Applying a set full floor loss factor throughout the property. It should be noted that full floor loss factors can yield very high multi-tenant loss factor on inefficient multi-tenanted floors. In this case, most landlords decide to cap the multi-tenant loss factor (usually between 33%-35%).
Applying set rentable numbers throughout the property to simplify leasing and marketing efforts. This may result in each floor having a different loss factor.
Matching the rentable area to the propertyâ€™s building gross area. This method tends to result in loss factors lower than the market standard.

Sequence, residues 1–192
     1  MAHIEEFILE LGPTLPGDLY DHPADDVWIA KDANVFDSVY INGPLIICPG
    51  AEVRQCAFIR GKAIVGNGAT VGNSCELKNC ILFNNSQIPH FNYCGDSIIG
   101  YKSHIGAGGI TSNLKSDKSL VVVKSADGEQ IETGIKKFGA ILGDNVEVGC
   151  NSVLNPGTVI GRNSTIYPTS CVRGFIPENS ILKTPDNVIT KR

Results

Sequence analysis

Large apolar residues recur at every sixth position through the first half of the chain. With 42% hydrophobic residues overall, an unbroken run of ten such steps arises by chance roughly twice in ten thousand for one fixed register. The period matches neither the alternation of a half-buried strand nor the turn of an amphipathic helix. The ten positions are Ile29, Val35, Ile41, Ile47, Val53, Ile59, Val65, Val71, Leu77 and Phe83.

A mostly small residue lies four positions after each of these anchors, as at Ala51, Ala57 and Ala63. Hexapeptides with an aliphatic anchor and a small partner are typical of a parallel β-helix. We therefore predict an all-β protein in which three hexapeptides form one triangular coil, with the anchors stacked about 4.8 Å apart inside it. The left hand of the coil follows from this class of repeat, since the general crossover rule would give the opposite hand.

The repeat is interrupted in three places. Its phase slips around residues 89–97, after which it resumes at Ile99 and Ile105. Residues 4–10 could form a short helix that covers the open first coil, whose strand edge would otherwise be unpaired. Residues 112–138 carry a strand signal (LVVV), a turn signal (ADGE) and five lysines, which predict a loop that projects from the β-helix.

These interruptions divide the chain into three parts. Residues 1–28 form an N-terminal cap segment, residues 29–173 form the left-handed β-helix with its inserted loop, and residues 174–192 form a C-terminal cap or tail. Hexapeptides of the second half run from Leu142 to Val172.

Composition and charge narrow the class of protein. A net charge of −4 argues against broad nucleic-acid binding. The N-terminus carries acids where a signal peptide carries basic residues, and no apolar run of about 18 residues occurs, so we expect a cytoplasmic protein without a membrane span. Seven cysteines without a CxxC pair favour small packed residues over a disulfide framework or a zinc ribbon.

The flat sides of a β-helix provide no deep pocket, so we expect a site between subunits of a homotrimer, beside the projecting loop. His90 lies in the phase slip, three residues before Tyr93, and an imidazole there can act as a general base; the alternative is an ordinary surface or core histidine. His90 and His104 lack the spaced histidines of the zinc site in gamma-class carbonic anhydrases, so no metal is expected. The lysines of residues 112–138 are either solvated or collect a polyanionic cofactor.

code calls for using the outside of the walls which in my case is about 1 foot thick. Seems criminal that they recommend this method as it is a clear misrepresentation of the actual usable space.
All commercial deals I do are negotiated point by point. Every little detail and agreement that is put in place with the landlord is what accompanies you the entire time you are in the space. So price per foot, utilities, landlord's work, tenant's work, escalations, tax caps and pass through, garbage, HVAC, sprinklers, water, heat, electric, fixtures, use limitations, sublease provisions... and the list goes on.
If you've never rented commercial space, you need to have a professional walk you through it.
You will want to hire your own engineer to get accurate square footage.
SVP/ Associate Broker
Rutenberg Realty NYC